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Ford Will Build A Mini Pickup Truck Slotting Below The Ranger

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2019 Ford Edge Titanium2019 Ford Edge Titanium Stephen Edelstein/Digital Trends

Ford recently downsized its pickup truck lineup with the Ranger, its first midsize truck since 2011. But now it seems that the Blue Oval will launch a truck smaller than the Ranger. However, it’s unclear if the new truck will be sold in the United States.

Jim Farley, Ford president of global markets, confirmed plans for a small truck during an auto-industry conference held in Detroit, according to Automotive News. This is the same conference where Farley said Ford would build an all-electric version of the larger F-150 pickup truck.

Rumors of a compact Ford pickup truck have circulated for several months. In July 2018, Automobile Magazine reported that Ford was planning a pickup truck based on the Focus, and that said truck could go on sale in the U.S. by 2022. At the time, Ford still intended to sell the Focus Active (basically a Focus hatchback dressed up to look like an SUV) and the Mustang, while killing off all other cars from its U.S. lineup. Since then, Ford has cancelled the Focus Active as well, making a Focus-based pickup truck less likely.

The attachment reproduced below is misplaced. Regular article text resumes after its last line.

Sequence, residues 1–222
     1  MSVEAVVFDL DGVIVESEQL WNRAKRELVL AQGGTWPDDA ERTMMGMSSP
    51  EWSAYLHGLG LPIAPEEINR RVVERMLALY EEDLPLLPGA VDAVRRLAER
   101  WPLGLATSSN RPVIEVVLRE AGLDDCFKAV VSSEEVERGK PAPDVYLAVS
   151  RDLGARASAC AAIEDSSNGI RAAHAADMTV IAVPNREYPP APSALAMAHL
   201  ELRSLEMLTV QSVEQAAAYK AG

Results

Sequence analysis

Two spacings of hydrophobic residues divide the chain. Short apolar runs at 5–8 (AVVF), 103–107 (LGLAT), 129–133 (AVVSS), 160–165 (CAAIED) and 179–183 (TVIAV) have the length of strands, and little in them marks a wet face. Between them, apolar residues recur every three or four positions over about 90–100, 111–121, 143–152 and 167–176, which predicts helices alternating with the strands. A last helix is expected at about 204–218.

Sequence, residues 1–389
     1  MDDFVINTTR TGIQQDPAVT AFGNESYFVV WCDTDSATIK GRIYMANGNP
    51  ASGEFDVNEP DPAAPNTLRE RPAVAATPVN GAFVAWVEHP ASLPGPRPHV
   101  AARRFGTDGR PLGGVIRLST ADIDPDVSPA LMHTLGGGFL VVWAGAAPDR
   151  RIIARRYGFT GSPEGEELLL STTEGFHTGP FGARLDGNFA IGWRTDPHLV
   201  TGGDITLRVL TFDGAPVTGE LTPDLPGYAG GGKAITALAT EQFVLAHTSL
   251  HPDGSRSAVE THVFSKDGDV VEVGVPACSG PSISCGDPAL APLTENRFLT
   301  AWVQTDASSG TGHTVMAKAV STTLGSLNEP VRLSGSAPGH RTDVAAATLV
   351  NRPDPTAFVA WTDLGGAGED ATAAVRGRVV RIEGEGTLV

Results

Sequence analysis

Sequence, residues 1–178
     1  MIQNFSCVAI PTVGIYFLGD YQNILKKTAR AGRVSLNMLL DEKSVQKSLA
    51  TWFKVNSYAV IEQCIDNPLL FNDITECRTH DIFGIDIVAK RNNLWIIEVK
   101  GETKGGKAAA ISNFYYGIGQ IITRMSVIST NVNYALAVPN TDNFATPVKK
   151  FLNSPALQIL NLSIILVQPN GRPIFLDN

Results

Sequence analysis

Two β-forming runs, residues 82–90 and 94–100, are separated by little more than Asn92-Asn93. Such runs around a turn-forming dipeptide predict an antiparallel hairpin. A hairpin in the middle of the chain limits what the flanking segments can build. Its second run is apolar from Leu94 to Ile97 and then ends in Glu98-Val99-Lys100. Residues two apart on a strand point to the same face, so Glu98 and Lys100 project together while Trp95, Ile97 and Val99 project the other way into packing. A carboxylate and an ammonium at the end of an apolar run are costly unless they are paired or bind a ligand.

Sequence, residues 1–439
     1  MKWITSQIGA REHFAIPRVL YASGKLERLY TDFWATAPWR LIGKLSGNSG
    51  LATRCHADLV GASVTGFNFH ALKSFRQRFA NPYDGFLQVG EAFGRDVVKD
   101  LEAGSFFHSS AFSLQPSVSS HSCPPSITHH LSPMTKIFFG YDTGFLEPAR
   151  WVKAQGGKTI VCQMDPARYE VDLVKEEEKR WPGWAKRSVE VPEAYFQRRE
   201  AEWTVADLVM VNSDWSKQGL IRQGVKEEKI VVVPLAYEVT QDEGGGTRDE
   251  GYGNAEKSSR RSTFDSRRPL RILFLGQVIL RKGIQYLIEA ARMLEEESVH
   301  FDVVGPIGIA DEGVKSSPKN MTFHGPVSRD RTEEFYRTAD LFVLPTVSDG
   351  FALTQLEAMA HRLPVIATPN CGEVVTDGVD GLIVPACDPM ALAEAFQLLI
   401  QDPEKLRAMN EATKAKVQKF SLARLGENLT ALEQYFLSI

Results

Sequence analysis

The new truck will likely be geared more toward foreign markets, where sales of compact trucks still flourish. Ford’s last small truck, the Fiesta-based Courier, was built in Brazil and was sold in multiple markets outside the U.S. before it was withdrawn. Ford has applied to trademark the name Courier with the U.S. Patent and Trademark Office, although that move is far from a guarantee that Ford will bring a vehicle like the Brazil-made Courier here.  Ford previously used the Courier name in the U.S. for a rebadged Mazda compact truck sold in the 1970s and early 1980s.

Building a downsized truck also gives Ford yet another opportunity to do battle with rival Chevrolet for sales. Chevy is reportedly planning a new small truck to replace the Montana, which is sold primarily in Latin American countries. While it’s unclear if either the Chevy or Ford will make it to the U.S., these vehicles could give pickup truck buyers an alternative to today’s fairly large trucks if they did.

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